Study aim, objectives, and design were explained to the children’s caregivers and written informed consent was signed prior to enrollment in the study. They were also informed that they can withdraw from the study at any time without any negative effect on their relationship with the health care providers. The consent was done in accordance with the ethical guidelines of the ethical committee of the faculty of medicine, Ain Shams University. The code for the ethical approval committee for the study is FMASU M D 366/2018.

Tools and procedures

  1. 1.

    Clinical data: Patients and controls were described regarding sociodemographic data and history of regression after normal development or not.

  2. 2.

    Autism diagnostic observation schedule (ADOS), 2nd edition [20]: It was used to verify the diagnosis of autism. The ADOS contains 5 modules to be used to diagnose patients, they are divided according to the age of the patient and speech stage. Those used in this study were the preverbal/single words module for children 3 years and older and phrase speech for cases.

  3. 3.

    Arabic version of Vineland adaptive behavior scale [10, 32]: The scores obtained from the 1st 4 subscales (communication, skills of daily living, social skills, and motor skills) were used for cases to obtain the total calibrated score from the scale. Only the first 4 subscales of the scale were used without including the fifth, the non-adaptive behavior, subscale. Another method for data presentation, the age coefficient, was used by the researchers. It is obtained by dividing the equivalent age of the child’s adaptive level by the actual chronological age.

  4. 4.

    Arabic version of Gilliam Autism Rating Scale (GARS) [1, 14].: It is used to determine the probability of ASD diagnosis. Although a screening tool, it was useful for symptom domain analysis as it takes mainly stereotyped behaviors and social domain into consideration. It was also used for cases only.

  5. 5.

    Stereotype behavior scale for autism spectrum disorders [2]: This scale is an Egyptian scale designed, tested, and calibrated by 2 professors in the faculty of special education, Cairo University. This scale measures the severity and degree of repetition of different types of stereotyped behaviors. This scale divides the stereotyped behaviors into sensory, verbal, motoric, emotional, and routinistic. It was used for cases only and only the severity part of the scale was used.

  6. 6.

    Qualitative digital Electro-encephalo gram (EEG): A ()min qualitative digital EEG was done for all patients and interpreted by the researcher. This qualitative EEG was done to assess for possible apparent abnormalities in the EEG as epileptic activity and slowing.

  7. 7.

    ELISA kits for the anti-NMDA antibody: This was obtained from Bioassay Technology Laboratory, Cat. NO ED0534Hu. It is used for the qualitative detection of anti-NMDAR ab NR2A subunit in serum, plasma, cell culture supernates, and cell lysates. Serum samples collected from study participants were collected in acid citrate dextrose yellow tubes. They were allowed to clot for 20 min then centrifuged for 2000 RPM for 20 min. Samples were stored at − 30° to preserve them until use. Positive samples were those > 200 pg/ml, negative samples were those < 100 pg/ml and borderline samples were those between 100 and 200 pg/ml).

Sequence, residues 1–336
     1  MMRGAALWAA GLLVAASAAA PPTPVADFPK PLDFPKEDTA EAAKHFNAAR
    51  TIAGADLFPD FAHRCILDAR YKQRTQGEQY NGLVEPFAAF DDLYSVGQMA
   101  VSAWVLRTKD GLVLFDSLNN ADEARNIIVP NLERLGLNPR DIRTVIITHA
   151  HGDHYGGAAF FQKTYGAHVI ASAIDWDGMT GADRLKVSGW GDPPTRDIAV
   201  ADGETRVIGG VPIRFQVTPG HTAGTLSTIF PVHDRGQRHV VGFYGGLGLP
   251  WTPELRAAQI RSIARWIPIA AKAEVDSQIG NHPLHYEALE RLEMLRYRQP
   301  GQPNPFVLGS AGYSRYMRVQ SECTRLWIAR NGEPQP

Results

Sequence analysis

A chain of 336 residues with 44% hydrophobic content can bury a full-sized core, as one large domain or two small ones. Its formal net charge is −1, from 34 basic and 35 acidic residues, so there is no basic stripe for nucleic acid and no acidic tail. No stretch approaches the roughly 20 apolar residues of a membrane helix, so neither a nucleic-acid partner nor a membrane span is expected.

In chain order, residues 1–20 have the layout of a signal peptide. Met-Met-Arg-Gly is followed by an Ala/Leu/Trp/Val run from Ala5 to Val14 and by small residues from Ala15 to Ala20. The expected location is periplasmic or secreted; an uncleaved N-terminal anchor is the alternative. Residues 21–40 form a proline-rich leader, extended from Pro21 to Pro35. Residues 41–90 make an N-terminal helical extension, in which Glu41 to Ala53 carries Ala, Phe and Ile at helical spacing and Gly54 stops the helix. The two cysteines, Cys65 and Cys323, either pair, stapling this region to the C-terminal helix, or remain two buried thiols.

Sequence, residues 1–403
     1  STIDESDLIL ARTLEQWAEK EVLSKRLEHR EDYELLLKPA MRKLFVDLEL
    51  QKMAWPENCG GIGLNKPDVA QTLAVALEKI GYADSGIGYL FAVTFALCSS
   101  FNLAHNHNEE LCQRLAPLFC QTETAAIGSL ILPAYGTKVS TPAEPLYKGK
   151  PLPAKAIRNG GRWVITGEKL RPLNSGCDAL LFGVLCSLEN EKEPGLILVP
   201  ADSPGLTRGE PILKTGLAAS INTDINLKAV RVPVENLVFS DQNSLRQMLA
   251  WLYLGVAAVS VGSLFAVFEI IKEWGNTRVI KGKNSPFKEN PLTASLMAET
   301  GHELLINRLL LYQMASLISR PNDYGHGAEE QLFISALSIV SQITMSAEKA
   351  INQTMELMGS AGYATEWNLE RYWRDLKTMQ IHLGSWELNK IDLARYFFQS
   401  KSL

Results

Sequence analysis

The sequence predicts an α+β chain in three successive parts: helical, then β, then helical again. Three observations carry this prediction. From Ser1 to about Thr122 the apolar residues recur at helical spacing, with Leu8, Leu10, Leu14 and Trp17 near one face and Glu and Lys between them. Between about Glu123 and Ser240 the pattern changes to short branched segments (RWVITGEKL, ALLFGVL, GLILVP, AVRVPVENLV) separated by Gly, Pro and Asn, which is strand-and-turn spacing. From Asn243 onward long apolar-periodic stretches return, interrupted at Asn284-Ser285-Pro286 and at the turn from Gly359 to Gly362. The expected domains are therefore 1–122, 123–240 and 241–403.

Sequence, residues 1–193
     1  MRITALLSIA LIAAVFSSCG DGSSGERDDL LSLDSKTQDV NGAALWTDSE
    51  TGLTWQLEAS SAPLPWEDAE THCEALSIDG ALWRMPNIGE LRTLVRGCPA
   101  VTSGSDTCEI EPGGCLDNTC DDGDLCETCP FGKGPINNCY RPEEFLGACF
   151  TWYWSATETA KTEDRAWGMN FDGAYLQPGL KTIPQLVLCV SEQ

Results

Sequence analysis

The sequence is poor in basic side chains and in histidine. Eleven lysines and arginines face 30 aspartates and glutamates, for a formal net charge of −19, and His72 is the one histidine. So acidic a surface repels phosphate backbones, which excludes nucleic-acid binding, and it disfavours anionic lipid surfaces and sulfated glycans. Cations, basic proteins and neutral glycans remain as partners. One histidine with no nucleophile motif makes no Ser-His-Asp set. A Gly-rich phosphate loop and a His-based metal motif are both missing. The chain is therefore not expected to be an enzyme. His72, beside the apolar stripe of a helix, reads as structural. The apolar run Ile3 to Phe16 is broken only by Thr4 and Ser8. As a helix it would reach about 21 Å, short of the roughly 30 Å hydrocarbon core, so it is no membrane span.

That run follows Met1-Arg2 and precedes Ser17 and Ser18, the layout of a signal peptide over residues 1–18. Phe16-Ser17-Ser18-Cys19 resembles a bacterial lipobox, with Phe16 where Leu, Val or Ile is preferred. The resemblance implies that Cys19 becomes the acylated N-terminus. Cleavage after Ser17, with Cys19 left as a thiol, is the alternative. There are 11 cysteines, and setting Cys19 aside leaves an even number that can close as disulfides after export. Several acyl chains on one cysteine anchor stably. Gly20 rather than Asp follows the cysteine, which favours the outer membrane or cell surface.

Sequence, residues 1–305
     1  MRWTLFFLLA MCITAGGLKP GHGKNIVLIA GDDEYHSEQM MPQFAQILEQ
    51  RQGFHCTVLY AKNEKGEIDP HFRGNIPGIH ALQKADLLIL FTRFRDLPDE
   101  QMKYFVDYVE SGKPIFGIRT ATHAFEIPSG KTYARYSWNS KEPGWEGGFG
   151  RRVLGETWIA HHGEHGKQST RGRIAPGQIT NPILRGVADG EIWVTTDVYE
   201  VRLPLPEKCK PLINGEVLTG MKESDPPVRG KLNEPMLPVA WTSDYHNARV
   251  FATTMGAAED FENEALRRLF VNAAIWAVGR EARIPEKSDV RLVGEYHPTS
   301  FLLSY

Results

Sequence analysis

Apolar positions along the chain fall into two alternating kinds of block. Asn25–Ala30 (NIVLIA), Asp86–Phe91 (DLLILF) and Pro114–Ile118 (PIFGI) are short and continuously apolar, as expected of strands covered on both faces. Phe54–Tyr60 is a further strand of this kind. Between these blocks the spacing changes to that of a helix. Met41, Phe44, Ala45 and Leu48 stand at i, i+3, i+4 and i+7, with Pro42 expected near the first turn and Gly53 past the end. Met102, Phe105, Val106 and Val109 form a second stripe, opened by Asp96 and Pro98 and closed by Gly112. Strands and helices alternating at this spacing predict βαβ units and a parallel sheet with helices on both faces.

8. 8.

    Statistical analysis: The collected data was revised, coded, tabulated and introduced to a PC using Statistical package for Social Science (SPSS 25). As regards descriptive statistics: mean, standard deviation (± SD), and range for parametric numerical data, while median and interquartile range (IQR) for non-parametric numerical data and frequency and percentage of non-numerical data were used. While for Analytical statistics: Student’s t-test was used to assess the statistical significance of the difference between two study group means. Mann-Whitney’s test (U test) was used to assess the statistical significance of the difference of a non-parametric variable between two study groups. The chi-square test was used to examine the relationship between two qualitative variables. Fisher’s exact test was used to examine the relationship between two qualitative variables when the expected count is less than 5 in more than 20% of cells. p-value: level of significance, was judged as follows: p > 0.05: nonsignificant (NS). p < 0.05: significant (S). p <0.01: highly significant (HS).

Children suspected to have ASD were referred to the primary investigator for assessment to decide whether to be included in the study. One hundred two patients were referred for possible enrollment in the study over the period from 1/10/2019 to 16/3/2020 (beginning of the lockdown due to the COVID-19 pandemic). Only eighty-seven were diagnosed as having ASD and completed all the study procedures and therefore were the only ones included.

The validity of the autism diagnosis was increased by 3 steps for enrollment. Children were first diagnosed clinically using the DSM-5 criteria by an expert psychiatrist. The second step was to administer the ADOS-2. Finally, children scoring lower scores on communication and social skills subscales on Vineland compared with other subscales were included while others scoring low scores on all Vineland subscales were excluded to minimize the inclusion of cases who were otherwise be diagnosed as having global developmental delay.


The study included eighty-seven children with ASD compared to sixty normal healthy controls. The mean age of the patient population in the study was 80.53 +\− 29.71 months old. This was matched to the mean age of the control group which was 79.45 +\− 29.95 months old (t = 2.944, p = 0.568).